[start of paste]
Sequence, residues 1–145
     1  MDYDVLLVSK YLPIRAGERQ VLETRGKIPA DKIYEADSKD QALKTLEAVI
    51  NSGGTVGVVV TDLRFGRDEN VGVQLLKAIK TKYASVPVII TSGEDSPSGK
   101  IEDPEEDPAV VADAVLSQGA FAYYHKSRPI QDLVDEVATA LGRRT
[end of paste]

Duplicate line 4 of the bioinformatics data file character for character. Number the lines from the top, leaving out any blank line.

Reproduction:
   101  IEDPEEDPAV VADAVLSQGA FAYYHKSRPI QDLVDEVATA LGRRT